Our fearless leader here at Washington Teachers (a/k/a Jim Anderson) suggested that I collect some of my posts about how I approach the WASL and include the links in a handy-dandy guide. Always ready for a challenge, I couldn't resist picking up the gauntlet he had thrown.
Even better than blog posts is a book by Betsy Rupp-Fulwiler entitled Writing in Science. Betsy works for Seattle schools. The book is targeted at the elementary science classroom, but I have to tell you that the writing frames and scaffolds she provides are just as useful with secondary students. Some kids already have the necessary tools to explain their thinking when doing expository writing, but many of them don't. Worse still, there aren't a lot of guides for teachers about how to help students improve. Betsy was the inspiration for the introduction of But-Man! to my classroom (she doesn't use this exact term, mind you) and I can tell you that I am getting some significantly improved work out of my high school kids. Get this book!
I know we're all apprehensive of Teaching to the Test, but doing so within the context of the regular classroom is the best thing we can do for kids. There has been a significant amount of research in assessment and evaluation in recent years---likely more recently than the university training many of us received. There are some wonderful guidelines available for test and item construction. (More on this soon.) It makes a teacher's job much simpler in terms of being able to directly identify holes in student learning.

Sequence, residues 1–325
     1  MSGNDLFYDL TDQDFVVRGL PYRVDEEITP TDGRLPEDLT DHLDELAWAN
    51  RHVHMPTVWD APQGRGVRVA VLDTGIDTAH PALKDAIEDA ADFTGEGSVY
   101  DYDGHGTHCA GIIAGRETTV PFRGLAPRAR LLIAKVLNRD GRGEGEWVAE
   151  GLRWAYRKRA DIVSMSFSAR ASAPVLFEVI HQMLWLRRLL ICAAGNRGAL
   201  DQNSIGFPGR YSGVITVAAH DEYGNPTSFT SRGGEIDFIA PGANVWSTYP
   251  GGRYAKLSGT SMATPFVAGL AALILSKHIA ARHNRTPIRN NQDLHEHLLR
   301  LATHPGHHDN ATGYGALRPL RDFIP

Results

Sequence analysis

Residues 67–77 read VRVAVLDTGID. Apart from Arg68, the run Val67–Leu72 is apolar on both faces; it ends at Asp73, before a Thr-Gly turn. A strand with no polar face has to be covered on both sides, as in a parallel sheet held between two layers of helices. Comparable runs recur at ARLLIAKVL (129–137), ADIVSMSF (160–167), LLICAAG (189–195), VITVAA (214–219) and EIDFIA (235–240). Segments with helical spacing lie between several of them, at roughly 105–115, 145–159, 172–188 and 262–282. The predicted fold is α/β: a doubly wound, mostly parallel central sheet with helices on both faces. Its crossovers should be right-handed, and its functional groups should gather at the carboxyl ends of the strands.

Are your kids not writing to the prompt when you give them short answer and extended response items? Perhaps the packet I developed from released items will help you guide students to better identify what they need to do and show you what they know.
Finally, although I have a "WASL" label that I use with some posts---it's something I typically reserve for general observations about this assessment rather than how I personally deal with it. I would instead offer up a survey of my posts on standards-based grading. There, you'll find tools I use---such as my policy I give to students and the Excel gradebook I developed for record-keeping. If we are truly teaching to the standards (and/or teaching to the test), then there are ways we can better track that in the classroom. This has been the biggest journey of my career.
I'll be posting more and more of my personal resources as time goes on, including a great tool for investigative design. Click on over to ye olde blog at What It's Like on the Inside and see for yourself in the coming days and weeks.